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Wild Macaws Using Artificial Nests in Tambopata Amazon Jungle

Juan Diego

In the surrounding forest of Tambopata Research Center, there are several macaw nests. Some of them are natural cavities on tree branches and other ones are artificial. The first artificial ones were installed since September 1989.

How do these Macaw artificial nest get there?

Eduardo Nycander, founder of Rainforest Expeditions, was a young wild photographer, he was working taking pictures of macaws’ faces. Macaws have a unique pattern in the face, like a human fingerprint, unique to each individual.

After being in Colorado Claylick he fell in love with Tambopata. This place had a lot of potential but also for being destroyed by hunters, loggers and gold miners.
He found the best excuse to stay and preserve this jungle: Ecotourism.

Ecotourism is the best sustainable economic activity for the region. Why? Because produce money using the resource of the forest without depleting it. At the same time, you’re conserving the forest in their more pristine way creating awareness in all the visitor.

People love macaws, they’re the flagship species of the Amazon Rainforest. Inside the most endangered family of birds in the world, macaws need our help if we want to keep their population in the near future. The main threats are : local hunting, illegal pet trade, habitat loss, and selective logging. Some people hunt them to make macaw soup and sell their feathers in handcrafts. Everyone knows someone that has at home a macaw of parrot as a pet that has been stolen from somewhere in the Amazon. And nowadays the most significate threat is the selective logging of the Shihuahuaco tree. Home of the natural nests of Red and Green and Scarlet Macaws.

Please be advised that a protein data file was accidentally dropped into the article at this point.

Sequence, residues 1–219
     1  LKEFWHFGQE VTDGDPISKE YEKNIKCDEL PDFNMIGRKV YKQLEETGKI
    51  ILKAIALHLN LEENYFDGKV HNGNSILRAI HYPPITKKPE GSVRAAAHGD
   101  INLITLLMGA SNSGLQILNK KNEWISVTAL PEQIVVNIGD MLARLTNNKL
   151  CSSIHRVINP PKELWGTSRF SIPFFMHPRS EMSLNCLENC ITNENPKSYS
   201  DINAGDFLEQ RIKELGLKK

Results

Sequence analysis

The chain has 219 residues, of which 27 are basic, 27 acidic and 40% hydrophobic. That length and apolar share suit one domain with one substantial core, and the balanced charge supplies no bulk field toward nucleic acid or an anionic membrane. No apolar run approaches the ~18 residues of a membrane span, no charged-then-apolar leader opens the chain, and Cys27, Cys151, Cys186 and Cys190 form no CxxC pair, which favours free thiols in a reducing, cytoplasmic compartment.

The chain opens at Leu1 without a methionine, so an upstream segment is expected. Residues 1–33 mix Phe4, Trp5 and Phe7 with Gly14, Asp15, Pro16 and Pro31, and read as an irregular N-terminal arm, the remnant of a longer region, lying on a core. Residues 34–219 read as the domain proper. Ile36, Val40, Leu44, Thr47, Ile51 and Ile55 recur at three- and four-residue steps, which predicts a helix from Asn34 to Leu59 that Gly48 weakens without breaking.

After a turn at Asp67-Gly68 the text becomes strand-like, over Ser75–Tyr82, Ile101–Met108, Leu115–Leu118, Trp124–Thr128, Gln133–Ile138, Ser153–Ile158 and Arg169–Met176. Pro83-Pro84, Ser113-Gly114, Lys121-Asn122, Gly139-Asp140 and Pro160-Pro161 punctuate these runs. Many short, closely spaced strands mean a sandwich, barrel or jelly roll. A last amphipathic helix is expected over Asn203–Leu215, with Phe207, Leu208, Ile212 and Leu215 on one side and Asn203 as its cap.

Study them in the wild is a challenge. Their natural nests are more than 30 meters above the ground and there's in average a single Shihuahuaco tree within each hectare. The best choice seems to offer more suitable nesting spaces. Eduardo starts with the designs; concrete, wooden and PVC nest were hanged in tree branches all around TRC.

In 1999, Dr. Donald Brightsmith from A&M Texas University took the leadership of the Tambopata Macaw Project

Since then he has led the project from strength to strength and published a host of groundbreaking papers on various aspects of macaw breeding, reintroduction and clay lick ecology. He has been on hand to teach, inspire and lead scores of Peruvian and international students and volunteers.

The main entrance of Tambopata Research Center shows up nearby some amazing emergent trees. In one of them hangs down an artificial wooden nest called “Molinero”. The nest had been used by a couple of macaws from the first generation of the project. Nevertheless, a couple of wild scarlet macaws laid three eggs in November 2018, they already used the nest the previous two years.

Some weeks later, a troop of spider monkeys passing closer to the nest called the attention of one of the parents that were nearby the nest. Something was terribly wrong, a kinkajou was having lunch on the warm eggs. The parents try to get inside and rescue some of their eggs but were too late, the burglar was satisfied waiting until nobody was around to leave.


Do you think they will lay a new eggs? Comment below…


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